In this year’s draft, the Giants selected a player who eventually might replace Eli Manning, a player who eventually might replace Paul Perkins, a player who is replacing Johnathan Hankins and a player who will replace, well, the vacuum that the team has had at tight end.
Yet Ereck Flowers and Bobby Hart still are penciled in as the starting offensive tackles.
That is not what fans of the team were hoping for. Yet the men who made those decisions seemed very comfortable with their situation on the offensive line, calling it a “perceived position of need” rather than an actual one.
“Probably inside this building we feel better about a lot of things than most outsiders feel,” said vice president of player evaluations Marc Ross, who also dropped the “perceived” line earlier in his news conference.
“We wanted to help the offensive line,” general manager Jerry Reese said, “but we didn’t want to reach for anyone, and we did that.”
They did add to the line, selecting four-year starter Adam Bisnowaty from Pittsburgh in the sixth round. They even traded up for him, later saying they saw him as one of the few draftable offensive linemen remaining in what was considered an underwhelming class at the position.
Bisnowaty was the first offensive lineman selected by the Giants since Hart in the seventh round in 2015, a span of 11 picks without taking a blocker. It was the longest stretch of consecutive Giants draft picks without an offensive lineman since they went 11 straight between Adam Koets in the sixth round of 2007 and Will Beatty in the second round of 2009.
The Giants have hopes for Bisnowaty.
“A big guy that is tough and rugged,” Reese said. “He’ll get into our offensive line group and challenge for a spot there as well.”
They also agreed to terms with a few undrafted rookie free agents on the line, including Chad Wheeler from USC, Jessamen Dunker from Tennessee State, Armando Bonheur from Samford and Sam Ekwonike from Coastal Carolina.
For many, though, it was not enough. Even former Giants offensive lineman Shaun O’Hara, now an analyst for NFL Network, was surprised that the Giants did not address that position sooner . . . while spending a valuable pick to add depth to a decidedly more stable spot in the lineup.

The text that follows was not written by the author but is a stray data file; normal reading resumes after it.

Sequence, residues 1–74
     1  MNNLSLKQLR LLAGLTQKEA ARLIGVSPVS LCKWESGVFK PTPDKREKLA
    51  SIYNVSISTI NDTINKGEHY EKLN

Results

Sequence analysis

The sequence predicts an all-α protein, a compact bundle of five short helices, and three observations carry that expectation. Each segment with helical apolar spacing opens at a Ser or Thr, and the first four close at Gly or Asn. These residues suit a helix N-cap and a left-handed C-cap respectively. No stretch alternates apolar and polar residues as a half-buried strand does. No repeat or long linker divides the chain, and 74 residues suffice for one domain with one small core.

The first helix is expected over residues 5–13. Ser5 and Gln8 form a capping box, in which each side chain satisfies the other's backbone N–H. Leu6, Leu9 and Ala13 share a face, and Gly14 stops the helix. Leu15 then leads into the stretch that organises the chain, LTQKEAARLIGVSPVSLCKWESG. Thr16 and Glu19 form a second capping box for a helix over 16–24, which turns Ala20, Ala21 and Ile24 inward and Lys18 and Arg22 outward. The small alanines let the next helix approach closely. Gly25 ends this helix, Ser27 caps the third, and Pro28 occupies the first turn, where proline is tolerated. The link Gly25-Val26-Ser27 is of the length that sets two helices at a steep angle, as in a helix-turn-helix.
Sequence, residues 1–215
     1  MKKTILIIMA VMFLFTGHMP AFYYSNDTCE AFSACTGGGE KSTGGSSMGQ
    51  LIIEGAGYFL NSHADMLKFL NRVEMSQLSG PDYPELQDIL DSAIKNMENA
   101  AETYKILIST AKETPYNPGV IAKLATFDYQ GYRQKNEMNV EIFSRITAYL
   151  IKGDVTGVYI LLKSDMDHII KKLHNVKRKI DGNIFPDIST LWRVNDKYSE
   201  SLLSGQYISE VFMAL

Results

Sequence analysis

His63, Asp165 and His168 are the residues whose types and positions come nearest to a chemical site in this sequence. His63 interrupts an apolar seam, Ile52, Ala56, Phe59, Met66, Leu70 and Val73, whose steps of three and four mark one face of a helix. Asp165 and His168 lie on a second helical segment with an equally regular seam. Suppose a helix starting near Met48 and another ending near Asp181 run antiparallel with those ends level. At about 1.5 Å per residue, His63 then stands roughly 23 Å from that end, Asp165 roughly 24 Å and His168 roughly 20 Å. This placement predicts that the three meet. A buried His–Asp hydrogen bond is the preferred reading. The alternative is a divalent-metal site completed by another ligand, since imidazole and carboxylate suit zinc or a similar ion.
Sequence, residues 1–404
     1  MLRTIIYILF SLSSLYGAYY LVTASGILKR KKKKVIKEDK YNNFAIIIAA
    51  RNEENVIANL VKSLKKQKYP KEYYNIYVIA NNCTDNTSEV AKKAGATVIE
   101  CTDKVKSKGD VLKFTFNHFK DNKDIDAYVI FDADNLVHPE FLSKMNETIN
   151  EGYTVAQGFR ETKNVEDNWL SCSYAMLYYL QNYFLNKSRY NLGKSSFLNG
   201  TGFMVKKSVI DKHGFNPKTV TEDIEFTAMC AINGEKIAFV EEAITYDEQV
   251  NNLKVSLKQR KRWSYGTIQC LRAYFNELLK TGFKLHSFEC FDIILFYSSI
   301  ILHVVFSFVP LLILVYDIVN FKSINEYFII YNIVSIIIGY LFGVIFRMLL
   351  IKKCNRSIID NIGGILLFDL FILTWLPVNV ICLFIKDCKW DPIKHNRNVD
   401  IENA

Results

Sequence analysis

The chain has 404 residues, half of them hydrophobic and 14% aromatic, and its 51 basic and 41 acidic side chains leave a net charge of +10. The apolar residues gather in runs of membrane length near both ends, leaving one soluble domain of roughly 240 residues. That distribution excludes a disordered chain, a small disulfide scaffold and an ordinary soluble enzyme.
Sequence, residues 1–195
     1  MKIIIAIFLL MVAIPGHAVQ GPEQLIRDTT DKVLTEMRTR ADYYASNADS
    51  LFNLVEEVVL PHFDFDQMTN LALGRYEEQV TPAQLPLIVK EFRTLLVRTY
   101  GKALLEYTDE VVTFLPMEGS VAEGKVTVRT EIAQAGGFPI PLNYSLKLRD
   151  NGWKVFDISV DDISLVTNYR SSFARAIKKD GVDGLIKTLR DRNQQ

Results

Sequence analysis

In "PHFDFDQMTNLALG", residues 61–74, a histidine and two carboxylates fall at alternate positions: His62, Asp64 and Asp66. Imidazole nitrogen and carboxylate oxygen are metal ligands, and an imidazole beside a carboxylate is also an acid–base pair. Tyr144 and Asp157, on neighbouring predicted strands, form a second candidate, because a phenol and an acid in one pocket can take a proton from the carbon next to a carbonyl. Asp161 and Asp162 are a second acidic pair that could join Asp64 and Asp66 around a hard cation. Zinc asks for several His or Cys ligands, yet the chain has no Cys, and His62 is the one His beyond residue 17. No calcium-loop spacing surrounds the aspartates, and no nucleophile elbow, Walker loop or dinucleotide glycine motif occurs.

“You’re going to draft a quarterback that’s not going to play for at least three, four years?” O’Hara said on the air about the third-round selection of Davis Webb. “I look at this draft and I can’t believe that they’re again not going to help out on the offensive line, create some more competition. To me, that third-round pick was a waste . . . This is Eli Manning’s prime. You just went out and got Brandon Marshall. You added D.J. Fluker to the offensive line. You have a great opportunity now to make a huge statement, protect Eli and help him out. I think they’re missing out on it.”
The Giants themselves seem to think otherwise.
“We still have high hopes for Ereck,” Ross said. “He’s young. The guy started two years in the NFL and the guy is still young. He really should be coming out in this draft. So to say that you are going to throw a guy away for having inconsistencies his first two years in the NFL, I don’t think that is very fair to Ereck. We think he’s going to get better, he’s going to take a big jump. He does everything possible to get better. He’s in here every day working his butt off, so we have high hopes for him.”
What they don’t have is someone to challenge him for the starting job right now. They don’t have someone to compete with him and push him and, if things don’t improve, replace him.
They found players to do that for several positions in this draft. Just not the one most observers thought they should do it for.